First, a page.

At dusk, day and night alternate. In the dim twilight, the lights of the city are gradually switched on. This is the moment we experience every day, when human resists the circadian rhythms caused by planetary orbit and the darkness that clouds the vision. This is the negativity of nature that has been a part of human since time immemorial.
In Jiang Yuhang's work 'As a Spectator', he uses photography to document these works of land art created at dusk. Dense beads of light form seemingly living structures, appearing in the bleak wastelands and shores of northern China, emitting dim lights that interpose in the twilight hours and grows. Some are like vines covering fences and walls, others are like gurgling streams stretching beyond the distant horizon. The exhibition also revolves around the theme of interposing dusk, in the dimly lit exhibition space, illuminating these landscape photos depicting the lights’ interposing, thus opening up a discussion on the ontological relationship between human and nature.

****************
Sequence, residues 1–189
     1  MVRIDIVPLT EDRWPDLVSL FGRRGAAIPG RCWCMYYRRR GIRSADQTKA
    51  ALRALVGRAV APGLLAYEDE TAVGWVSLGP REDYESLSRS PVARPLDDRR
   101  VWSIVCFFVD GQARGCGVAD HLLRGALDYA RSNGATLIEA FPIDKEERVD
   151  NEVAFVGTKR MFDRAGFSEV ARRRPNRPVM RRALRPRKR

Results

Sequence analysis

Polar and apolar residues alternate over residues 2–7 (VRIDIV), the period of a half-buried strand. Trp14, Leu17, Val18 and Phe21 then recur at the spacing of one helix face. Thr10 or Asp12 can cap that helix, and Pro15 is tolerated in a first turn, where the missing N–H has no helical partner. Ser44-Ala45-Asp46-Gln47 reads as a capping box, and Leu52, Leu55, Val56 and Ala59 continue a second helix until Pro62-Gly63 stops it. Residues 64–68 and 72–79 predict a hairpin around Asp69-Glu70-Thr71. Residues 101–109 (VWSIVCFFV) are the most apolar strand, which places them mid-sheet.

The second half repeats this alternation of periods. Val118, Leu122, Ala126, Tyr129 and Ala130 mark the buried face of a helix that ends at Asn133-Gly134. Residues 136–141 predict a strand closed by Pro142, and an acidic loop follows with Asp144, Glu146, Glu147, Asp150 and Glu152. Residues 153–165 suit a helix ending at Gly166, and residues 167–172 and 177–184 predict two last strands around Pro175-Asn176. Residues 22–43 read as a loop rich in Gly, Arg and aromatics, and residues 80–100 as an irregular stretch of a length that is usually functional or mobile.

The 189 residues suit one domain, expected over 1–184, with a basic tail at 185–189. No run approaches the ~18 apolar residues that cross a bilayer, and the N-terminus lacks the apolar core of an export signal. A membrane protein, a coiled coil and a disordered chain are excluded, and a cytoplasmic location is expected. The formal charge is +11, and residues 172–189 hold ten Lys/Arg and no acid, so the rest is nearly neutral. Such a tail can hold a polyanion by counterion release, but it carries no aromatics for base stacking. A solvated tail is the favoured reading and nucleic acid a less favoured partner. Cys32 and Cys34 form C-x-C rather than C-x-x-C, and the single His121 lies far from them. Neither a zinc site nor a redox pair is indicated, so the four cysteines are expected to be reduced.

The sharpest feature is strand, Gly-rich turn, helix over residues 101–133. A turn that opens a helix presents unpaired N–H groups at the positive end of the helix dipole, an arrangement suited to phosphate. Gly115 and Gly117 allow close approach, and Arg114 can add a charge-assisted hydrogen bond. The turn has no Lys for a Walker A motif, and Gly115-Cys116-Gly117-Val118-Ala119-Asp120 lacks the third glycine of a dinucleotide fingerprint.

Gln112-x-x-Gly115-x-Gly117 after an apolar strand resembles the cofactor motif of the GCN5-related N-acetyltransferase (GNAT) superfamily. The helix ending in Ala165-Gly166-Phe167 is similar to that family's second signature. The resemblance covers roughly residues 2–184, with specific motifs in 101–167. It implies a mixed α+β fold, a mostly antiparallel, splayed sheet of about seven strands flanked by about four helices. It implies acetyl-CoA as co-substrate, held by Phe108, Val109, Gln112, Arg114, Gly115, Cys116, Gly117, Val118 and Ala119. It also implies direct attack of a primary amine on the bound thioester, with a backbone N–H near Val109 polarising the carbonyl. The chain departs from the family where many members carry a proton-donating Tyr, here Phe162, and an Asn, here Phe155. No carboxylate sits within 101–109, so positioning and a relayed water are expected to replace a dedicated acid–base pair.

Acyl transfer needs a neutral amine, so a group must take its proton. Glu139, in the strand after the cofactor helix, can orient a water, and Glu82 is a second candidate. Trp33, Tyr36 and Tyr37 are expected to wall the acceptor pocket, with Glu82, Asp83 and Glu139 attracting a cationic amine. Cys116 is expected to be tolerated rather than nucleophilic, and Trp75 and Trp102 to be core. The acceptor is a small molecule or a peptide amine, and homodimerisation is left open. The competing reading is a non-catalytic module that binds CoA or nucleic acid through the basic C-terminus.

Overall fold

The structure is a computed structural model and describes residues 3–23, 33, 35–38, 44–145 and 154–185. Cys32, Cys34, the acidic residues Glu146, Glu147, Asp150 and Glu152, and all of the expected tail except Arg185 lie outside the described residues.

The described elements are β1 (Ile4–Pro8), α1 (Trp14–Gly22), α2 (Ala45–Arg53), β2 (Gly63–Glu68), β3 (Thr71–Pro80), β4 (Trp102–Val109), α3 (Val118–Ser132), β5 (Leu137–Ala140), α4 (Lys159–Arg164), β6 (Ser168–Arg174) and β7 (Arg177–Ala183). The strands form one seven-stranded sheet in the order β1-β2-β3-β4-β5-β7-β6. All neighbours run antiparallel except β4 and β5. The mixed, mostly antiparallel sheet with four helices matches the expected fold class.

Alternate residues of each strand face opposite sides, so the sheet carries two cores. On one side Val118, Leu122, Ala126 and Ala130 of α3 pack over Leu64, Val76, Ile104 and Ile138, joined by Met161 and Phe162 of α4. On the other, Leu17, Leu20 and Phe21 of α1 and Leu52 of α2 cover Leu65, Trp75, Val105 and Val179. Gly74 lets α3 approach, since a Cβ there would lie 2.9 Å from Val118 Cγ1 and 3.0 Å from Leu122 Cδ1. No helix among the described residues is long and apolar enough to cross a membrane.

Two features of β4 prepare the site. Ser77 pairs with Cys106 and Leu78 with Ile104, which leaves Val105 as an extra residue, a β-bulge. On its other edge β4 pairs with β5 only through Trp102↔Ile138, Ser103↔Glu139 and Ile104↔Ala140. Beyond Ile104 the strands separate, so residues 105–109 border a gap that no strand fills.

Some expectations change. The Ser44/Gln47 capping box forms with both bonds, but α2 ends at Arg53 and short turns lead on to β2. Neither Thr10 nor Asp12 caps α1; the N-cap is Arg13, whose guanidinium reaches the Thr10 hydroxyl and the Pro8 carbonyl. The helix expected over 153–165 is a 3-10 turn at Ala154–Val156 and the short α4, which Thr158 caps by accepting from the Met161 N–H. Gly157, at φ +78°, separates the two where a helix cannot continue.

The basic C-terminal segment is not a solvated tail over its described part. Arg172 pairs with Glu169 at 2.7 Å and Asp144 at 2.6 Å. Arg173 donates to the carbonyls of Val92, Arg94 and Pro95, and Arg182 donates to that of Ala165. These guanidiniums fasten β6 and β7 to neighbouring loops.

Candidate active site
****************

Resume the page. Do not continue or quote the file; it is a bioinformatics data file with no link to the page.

These works create a kind of landscape of contradictions, where the lights are arranged in a form that is different from the lights of the city, which are governed by human science and culture, but more like natural mimesis, grouped together in life-like forms. In this way, these dim lights take on a paradoxical ontology that lies between nature and human culture. The lights and the dusk thus create a subtle dialectic: how are we to understand these landscapes? Do the lights intrude into the dusk? Or are the lights part of the dusk itself?
Such thinking leads us to the larger question of whether the human culture represented by these lights and nature itself are two opposing sides, or whether they are an inseparable whole in themselves. It is in fact a question of perspective. We always perceive things as objects and ourselves as a particular detached spectator. Whereas in fact such a perspective often does not exist, the essence we recognise is also the essence that must be about ourselves. Nature exists as a necessary infinity, and human as indeterminacy and negativity within such an infinity. We can hardly say that we fundamentally see the human being who transforms nature as external to it, but in fact as part of it, and that our essence is in fact the essence of nature.
In this way, in Jiang Yuhang's works, these landscapes represent the dialectical unity of human negativity and the infinity of nature. Through land art and photography, he has created a thought-provoking twilight landscape that allows us to think about nature and culture in many ways.